The guy picked his nose violently, thinking no one was watching, then dragged on his cigarette again. I held my breath and moved the rifle so that the crosshairs were right over his chest. Without thinking about it too much I pulled the trigger.

My grip slid slightly out of nervousness. The bullet hit him in the stomach.

“Grace!” Jess gasped in disbelief.

“He’s getting up!” Jeena cried softly. She aimed her pistol and shot. “Okay, let’s go.”

I checked to make sure no one was watching, then sprinted to the man we’d shot. I forced myself not to feel sorry for him but it didn’t work. Remorseful and ashamed, I took his weapons, including his extra ammunition, and followed Jess and Jeena into the Aquatics centre. His moans haunted me.

I gave Jess the man’s rifle and she grinned encouragingly at me. “We are ultra cool assassins,” she said, and I felt a bit better. Side by side we crept down the stairs and peered through the glass doors, surveying the pool. It appeared deserted. I pulled open the door and tiptoed through, ducking behind the counter.

I peeked around the corner.

A whole crowd of men, at least ten, were surrounding our friends! Vanessa was with them, but they were all being captured. I tightened my grip on the rifle and the pistol I still held.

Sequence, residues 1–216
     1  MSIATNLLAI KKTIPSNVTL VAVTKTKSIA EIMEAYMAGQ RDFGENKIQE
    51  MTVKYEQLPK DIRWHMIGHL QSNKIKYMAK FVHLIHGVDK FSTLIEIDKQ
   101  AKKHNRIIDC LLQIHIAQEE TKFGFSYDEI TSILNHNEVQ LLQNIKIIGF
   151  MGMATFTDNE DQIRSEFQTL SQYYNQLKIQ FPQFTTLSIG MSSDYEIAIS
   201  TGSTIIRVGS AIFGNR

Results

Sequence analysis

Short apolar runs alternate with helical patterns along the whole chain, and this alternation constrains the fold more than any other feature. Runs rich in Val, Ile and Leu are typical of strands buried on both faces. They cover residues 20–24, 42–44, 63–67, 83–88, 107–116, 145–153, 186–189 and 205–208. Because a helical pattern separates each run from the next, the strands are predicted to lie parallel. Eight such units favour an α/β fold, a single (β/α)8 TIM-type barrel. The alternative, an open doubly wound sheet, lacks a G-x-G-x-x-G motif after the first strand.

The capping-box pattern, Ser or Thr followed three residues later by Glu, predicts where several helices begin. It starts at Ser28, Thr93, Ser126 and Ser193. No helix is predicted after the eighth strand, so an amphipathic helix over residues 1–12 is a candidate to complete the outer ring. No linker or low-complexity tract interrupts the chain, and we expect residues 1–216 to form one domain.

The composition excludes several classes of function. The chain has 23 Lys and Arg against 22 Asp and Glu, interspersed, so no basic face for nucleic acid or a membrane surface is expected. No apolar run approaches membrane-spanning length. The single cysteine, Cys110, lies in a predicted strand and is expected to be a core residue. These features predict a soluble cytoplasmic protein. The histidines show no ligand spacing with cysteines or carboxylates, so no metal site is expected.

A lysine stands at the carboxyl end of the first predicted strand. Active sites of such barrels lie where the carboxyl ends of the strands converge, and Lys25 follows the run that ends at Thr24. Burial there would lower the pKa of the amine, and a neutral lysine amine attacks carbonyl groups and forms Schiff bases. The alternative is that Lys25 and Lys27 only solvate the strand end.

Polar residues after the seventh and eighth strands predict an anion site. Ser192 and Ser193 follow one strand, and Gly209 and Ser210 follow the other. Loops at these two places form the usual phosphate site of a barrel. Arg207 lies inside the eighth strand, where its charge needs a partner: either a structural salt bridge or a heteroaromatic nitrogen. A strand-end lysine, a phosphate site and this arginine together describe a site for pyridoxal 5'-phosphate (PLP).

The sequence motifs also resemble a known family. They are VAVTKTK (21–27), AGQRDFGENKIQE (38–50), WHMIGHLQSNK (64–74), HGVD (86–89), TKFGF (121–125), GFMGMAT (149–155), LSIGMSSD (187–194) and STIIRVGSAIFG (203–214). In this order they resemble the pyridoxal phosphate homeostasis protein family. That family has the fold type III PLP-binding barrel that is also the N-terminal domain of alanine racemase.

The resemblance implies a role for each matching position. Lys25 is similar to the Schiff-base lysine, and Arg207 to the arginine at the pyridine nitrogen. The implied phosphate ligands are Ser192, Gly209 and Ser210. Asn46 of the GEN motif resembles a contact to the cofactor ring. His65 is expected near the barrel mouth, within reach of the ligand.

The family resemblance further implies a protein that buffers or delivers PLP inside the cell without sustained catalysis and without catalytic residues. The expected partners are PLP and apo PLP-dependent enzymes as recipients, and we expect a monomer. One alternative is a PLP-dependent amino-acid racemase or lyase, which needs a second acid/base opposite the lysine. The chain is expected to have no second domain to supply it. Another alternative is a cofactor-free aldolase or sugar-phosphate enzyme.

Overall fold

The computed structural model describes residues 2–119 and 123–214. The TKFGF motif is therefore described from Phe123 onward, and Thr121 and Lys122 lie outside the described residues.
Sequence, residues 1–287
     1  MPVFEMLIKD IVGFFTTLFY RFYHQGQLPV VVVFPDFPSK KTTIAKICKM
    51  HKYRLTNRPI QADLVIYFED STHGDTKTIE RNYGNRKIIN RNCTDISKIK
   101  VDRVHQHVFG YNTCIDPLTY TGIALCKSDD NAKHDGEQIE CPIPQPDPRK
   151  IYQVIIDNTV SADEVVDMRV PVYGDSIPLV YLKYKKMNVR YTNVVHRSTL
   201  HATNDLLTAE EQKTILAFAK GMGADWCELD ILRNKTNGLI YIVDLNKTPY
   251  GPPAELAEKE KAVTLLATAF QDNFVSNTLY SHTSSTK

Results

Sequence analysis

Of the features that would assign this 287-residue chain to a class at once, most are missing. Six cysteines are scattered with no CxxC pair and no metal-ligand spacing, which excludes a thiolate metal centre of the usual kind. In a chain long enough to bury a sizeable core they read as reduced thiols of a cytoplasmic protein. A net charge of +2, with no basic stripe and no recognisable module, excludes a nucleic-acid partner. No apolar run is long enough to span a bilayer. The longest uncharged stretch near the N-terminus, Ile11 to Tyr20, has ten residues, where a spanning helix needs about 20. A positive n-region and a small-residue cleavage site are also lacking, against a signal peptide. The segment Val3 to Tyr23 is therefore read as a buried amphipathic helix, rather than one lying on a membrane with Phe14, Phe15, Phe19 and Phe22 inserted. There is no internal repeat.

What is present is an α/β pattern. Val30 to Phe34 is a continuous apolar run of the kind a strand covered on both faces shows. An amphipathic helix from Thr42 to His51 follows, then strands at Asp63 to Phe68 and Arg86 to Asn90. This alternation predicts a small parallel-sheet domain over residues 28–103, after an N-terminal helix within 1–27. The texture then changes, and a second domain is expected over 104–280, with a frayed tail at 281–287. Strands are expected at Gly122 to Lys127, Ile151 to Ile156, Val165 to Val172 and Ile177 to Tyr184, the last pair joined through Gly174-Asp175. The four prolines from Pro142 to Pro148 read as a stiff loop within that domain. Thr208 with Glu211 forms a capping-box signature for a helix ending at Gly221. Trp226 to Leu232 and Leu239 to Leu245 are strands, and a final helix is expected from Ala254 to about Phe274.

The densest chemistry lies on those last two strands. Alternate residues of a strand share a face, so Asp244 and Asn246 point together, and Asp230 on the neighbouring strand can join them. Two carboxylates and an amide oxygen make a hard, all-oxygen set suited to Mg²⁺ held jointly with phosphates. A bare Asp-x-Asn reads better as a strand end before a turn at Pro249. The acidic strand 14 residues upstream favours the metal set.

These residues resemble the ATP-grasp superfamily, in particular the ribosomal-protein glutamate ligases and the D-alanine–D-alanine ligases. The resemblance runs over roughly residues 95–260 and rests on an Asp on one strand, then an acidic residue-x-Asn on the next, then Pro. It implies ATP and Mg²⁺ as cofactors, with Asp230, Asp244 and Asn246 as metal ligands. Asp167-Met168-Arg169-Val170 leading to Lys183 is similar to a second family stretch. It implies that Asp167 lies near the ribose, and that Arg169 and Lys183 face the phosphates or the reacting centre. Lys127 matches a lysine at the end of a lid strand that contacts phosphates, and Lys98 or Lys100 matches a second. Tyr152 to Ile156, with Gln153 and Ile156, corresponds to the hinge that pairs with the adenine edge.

Jess and Jeena looked at me, wide-eyed. “We have to do this,” Jess whispered, indicating our weapons.

“Hey!” One of the men jumped and pointed in our direction. “Hey! Did you see that?”

I leapt backwards, heat thudding wildly. They’d seen us! What now? I couldn’t think. I couldn’t move. It didn’t occur to me that I had a gun in my hand. As the first man lunged towards us, arms outstretched greedily, I kicked out, closing the low metal gate that was beside the counter. The man tripped and sprawled onto the ground, and Jess rammed the butt of her rifle into his head. He slumped onto his face, unconscious.